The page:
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      • #4
        Their site is totally inaccessible
        totally the opposite.

        Whilst your site may get 10 or 20 visits a month with browsers that do not understand say even CSS1 , google gets millions.

        despite the banter and fluster about web standards ALL major browsers and most of the minor ones understand straightforward HTML , many differ in interpretation or do not support many of the 'standards' you speak of.

        Google wants I assume to be useful to as many users as is possible which is exactly what it does.

        Web Standards will be fully supported and eventually be the norm and nothing less acceptable, until then using what works seems perfectly acceptable.
        resistance is...

        MVC is the current buzz in web application architectures. It comes from event-driven desktop application design and doesn't fit into web application design very well. But luckily nobody really knows what MVC means, so we can call our presentation layer separation mechanism MVC and move on. (Rasmus Lerdorf)

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        • #5
          There is another reason for Google to not embrace web standards: Web standards require larger documents. A Google engineer some time back added a 26 character long greeting to their index page - they removed it not long after, after seeing a noticable performance loss in their service.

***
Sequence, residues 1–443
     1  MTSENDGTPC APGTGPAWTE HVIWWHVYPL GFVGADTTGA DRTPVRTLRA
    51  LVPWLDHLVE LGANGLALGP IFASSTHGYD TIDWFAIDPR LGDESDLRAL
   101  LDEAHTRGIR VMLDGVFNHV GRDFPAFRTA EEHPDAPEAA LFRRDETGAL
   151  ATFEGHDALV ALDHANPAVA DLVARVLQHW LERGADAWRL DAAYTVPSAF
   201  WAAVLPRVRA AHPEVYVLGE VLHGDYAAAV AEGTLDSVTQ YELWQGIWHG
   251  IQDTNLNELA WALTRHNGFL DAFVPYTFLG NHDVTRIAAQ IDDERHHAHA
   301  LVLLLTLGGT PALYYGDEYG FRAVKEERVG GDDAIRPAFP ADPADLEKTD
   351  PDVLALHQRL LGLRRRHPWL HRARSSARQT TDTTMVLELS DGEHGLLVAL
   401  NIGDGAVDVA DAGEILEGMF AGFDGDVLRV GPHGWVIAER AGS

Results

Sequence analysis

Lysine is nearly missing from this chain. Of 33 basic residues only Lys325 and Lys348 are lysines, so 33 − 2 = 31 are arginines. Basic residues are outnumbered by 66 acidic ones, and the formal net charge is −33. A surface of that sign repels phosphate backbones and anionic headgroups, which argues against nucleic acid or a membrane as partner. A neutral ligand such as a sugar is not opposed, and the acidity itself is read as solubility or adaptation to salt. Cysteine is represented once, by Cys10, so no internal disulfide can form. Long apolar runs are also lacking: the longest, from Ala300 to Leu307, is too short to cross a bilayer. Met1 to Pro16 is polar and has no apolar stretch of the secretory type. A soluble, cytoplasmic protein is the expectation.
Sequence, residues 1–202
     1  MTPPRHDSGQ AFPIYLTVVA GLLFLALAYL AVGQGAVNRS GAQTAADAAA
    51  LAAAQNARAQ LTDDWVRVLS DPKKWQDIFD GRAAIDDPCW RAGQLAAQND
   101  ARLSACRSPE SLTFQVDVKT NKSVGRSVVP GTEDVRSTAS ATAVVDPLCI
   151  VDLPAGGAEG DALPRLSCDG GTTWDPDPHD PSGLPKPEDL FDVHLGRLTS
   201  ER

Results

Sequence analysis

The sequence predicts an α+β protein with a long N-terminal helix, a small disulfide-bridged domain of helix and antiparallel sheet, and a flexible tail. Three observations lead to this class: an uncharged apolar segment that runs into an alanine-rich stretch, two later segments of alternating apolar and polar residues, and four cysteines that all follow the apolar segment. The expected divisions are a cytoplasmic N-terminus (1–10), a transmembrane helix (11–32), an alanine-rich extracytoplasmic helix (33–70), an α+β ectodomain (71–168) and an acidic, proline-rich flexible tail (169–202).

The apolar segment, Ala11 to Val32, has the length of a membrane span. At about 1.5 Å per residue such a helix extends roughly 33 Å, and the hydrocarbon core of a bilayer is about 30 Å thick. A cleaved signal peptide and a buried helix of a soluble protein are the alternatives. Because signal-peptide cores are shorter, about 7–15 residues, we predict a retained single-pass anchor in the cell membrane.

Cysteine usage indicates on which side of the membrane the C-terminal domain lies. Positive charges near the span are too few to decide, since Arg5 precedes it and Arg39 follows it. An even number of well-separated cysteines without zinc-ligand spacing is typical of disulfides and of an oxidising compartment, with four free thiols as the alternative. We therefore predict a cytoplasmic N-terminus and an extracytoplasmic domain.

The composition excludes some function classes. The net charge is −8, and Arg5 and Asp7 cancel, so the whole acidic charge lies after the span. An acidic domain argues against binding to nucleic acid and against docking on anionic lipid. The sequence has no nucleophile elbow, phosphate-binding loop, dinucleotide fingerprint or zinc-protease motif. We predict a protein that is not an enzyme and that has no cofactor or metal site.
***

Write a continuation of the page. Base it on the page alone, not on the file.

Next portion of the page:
liorean <[[email protected]]>
          Articles: RegEx evolt wsabstract , Named Arguments
          Useful Threads: JavaScript Docs & Refs, FAQ - HTML & CSS Docs, FAQ - XML Doc & Refs
          Moz: JavaScript DOM Interfaces MSDN: JScript DHTML KDE: KJS KHTML Opera: Standards

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          • #6
            Originally posted by liorean
            Web standards require larger documents.
            But using semantics could make this difference up.
            David House - Perfect is achieved, not when there is nothing left to add, but when there is nothing left to take away. (Antoine de St. Exupery).
            W3Schools | XHTML Validator | CSS Validator | Colours | Typography | HTML&CSS FAQ | Go get Mozilla Now | I blog!

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            • #7